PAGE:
Let’s be clear. As the majority of the population, the majority of registered voters, and the majority of those who actually show up at the polls, women can determine the outcome of any election.
In a year when abortion restrictions were piled on at the state level, the Supreme Court ruled that corporations can deny employees birth control coverage, and equal pay legislation was stymied in the Senate by a Republican filibuster, this demographic reality could boost female Democratic candidates and spell trouble for Republicans up and down the tickets.
Female voters could tip the balance for Democrats in several high-profile Senate races that Republicans are counting on to take back the majority. Michelle Nunn, running in Georgia as a moderate who can mend fences, has a commanding lead with women (polls show that women favor her over GOP opponent David Perdue by a 52 percent to 34 percent margin) and could flip the seat being vacated by Republican Saxby Chambliss.
The picture isn’t so clear in Kentucky, where incumbent Mitch McConnell leads Democratic challenger Alison Lundergan Grimes by four percentage points overall, while Grimes tops him with women by seven points. However, when asked which candidate would improve the lives of women, respondents chose Grimes by a 21-point margin.
Likely voters with an income of less than $40,000 (undoubtedly mostly female, since women are the majority of low earners) favored Grimes by 17 points.
One race where women could, but might not, make a difference is the contest for governor of Texas. Democratic state senator Wendy Davis rocketed to national prominence last year when she mounted an 11-hour filibuster against punitive abortion restrictions (which later passed).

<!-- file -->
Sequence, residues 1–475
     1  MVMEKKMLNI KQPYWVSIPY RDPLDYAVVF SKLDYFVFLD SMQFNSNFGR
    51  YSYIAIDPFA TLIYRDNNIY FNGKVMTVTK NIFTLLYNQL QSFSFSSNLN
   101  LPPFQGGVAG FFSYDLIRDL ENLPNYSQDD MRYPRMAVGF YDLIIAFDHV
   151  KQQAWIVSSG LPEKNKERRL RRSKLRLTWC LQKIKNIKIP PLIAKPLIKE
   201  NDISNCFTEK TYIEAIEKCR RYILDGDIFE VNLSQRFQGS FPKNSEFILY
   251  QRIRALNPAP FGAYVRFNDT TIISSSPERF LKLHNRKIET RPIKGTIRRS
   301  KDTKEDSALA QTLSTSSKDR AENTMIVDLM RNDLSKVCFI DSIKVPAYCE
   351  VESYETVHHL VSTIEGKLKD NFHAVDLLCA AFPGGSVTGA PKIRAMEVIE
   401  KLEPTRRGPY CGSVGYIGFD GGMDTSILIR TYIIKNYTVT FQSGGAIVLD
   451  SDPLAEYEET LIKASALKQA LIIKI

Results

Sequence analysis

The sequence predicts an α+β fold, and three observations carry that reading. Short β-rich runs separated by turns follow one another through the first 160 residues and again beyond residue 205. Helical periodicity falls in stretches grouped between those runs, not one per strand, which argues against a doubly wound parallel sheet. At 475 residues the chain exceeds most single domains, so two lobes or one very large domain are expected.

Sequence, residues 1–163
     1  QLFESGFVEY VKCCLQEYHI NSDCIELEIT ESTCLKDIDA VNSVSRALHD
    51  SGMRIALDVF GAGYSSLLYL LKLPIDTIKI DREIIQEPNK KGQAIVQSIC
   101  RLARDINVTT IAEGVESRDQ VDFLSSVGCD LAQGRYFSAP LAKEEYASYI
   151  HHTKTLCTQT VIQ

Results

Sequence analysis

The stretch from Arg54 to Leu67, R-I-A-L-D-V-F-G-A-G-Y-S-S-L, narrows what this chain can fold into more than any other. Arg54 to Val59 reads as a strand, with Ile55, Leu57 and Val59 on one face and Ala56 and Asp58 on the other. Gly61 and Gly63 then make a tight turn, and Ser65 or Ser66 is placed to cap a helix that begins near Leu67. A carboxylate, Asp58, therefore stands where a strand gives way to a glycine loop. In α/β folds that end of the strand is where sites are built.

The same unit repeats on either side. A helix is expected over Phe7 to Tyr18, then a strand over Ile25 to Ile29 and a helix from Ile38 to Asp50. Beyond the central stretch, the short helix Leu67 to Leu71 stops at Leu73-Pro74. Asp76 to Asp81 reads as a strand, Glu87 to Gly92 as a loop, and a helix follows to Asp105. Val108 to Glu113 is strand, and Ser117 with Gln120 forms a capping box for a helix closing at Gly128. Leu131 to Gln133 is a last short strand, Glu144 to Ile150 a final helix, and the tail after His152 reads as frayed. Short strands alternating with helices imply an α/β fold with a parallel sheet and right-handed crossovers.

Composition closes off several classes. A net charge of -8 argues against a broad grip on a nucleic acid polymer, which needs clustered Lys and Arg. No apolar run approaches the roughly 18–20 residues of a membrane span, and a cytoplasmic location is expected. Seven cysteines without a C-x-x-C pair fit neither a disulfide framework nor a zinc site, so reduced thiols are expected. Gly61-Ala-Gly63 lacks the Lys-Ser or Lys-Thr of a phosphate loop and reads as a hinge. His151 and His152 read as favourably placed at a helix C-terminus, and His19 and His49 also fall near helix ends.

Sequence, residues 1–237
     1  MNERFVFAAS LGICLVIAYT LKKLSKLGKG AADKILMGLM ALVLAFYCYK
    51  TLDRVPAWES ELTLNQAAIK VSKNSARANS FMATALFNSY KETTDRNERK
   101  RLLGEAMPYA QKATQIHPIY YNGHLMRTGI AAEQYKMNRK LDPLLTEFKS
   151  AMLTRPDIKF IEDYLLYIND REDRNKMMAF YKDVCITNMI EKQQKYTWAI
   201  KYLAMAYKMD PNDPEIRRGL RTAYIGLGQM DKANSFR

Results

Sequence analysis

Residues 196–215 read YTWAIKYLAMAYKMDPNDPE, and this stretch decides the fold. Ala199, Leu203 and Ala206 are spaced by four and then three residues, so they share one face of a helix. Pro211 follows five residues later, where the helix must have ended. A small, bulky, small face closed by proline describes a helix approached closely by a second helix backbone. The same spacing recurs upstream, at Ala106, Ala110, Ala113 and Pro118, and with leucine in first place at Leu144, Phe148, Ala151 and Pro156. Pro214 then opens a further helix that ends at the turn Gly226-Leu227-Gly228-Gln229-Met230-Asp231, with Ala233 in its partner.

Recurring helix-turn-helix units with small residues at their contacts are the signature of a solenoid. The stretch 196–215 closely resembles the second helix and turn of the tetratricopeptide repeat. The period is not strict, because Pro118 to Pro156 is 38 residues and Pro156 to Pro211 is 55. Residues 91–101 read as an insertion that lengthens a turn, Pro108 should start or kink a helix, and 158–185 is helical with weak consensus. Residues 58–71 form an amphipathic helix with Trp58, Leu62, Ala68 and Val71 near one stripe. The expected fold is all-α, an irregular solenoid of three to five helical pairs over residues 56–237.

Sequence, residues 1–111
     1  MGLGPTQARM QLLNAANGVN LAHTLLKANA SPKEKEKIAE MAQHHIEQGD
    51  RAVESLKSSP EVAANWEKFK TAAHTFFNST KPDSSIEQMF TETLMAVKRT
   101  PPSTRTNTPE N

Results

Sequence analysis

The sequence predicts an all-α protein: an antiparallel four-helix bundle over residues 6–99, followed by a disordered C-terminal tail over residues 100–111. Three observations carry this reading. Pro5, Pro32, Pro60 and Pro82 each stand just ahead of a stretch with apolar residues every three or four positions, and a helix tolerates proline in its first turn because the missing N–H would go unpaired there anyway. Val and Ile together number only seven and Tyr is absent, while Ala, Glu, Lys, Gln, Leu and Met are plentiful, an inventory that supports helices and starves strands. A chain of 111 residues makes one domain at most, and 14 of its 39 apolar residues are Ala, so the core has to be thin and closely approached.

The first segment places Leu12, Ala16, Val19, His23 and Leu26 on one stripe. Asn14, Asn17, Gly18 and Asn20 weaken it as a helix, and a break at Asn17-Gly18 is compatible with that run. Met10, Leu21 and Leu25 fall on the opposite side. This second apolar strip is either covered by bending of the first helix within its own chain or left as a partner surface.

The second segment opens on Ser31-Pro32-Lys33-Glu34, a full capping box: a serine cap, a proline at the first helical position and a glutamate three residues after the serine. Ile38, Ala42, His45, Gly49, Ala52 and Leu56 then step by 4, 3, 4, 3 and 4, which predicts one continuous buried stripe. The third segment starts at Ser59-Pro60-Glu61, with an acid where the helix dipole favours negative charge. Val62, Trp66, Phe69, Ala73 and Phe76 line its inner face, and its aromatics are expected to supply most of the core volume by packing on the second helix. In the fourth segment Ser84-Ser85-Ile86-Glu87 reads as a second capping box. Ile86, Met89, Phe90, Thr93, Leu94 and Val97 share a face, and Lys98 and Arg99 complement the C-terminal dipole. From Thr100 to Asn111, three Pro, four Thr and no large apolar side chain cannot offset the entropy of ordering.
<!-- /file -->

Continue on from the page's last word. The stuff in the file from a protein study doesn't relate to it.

Curiously, despite more than 20 abortion clinic closings in Texas in the past few months and ongoing legal challenges by women’s groups, Davis has generally shied away from the issue that made her famous before she got on the campaign trail. Urging her early on to move abortion rights to the top of her agenda, the Texas Observer pointed out that a key group in 2014 will be suburban women who vote in high numbers and tend to support Republican candidates.
And those women are some of the strongest abortion rights backers in the Lone Star state’s electorate, with 44 percent believing that abortion should always be accessible.
Trailing anti-abortion opponent Greg Abbott by 18 percentage points in the latest poll, Davis broke her near-silence in a dramatic way in early September. She released a campaign memoir with poignant language revealing that she has had two abortions, both for compelling medical reasons. No polls have emerged since the revelation, but she’s been labeled “abortion Barbie” by opponents before. Whether the tactic will be seen as a dirty trick now is anybody’s guess.
These three races notwithstanding, there’s a big question as to whether the Republican “War on Women” tarnished the party so much with female voters in 2012 it can’t recover enough to tip the balance in 2014. Democrats have made sure women haven’t forgotten about gaffes from past candidates about “legitimate rape” and how pregnancy from rape is “something God intended.”
And then there’s the much ridiculed effort to educate candidates on how to talk to women — you know, speak to them like your wives and daughters. This is no change in policy, mind you, just a campaign that’s clumsily pandering to women.
And it’s no secret that women have been deserting GOP for years. More women have registered as Democrats than Republicans since 1972, and the 2012 presidential election produced the largest gender gap in history. It doesn’t look like anything has changed.
A detailed report recently commissioned by two major Republican groups concluded that female voters view the party as “intolerant,” “lacking in compassion,” and “stuck in the past.”
Still, most pollsters are rating the chances of the Republicans winning a Senate majority in November as a tossup. If women get together, turn out strongly, and vote their own interests, the GOP will have nothing to celebrate on Election Day.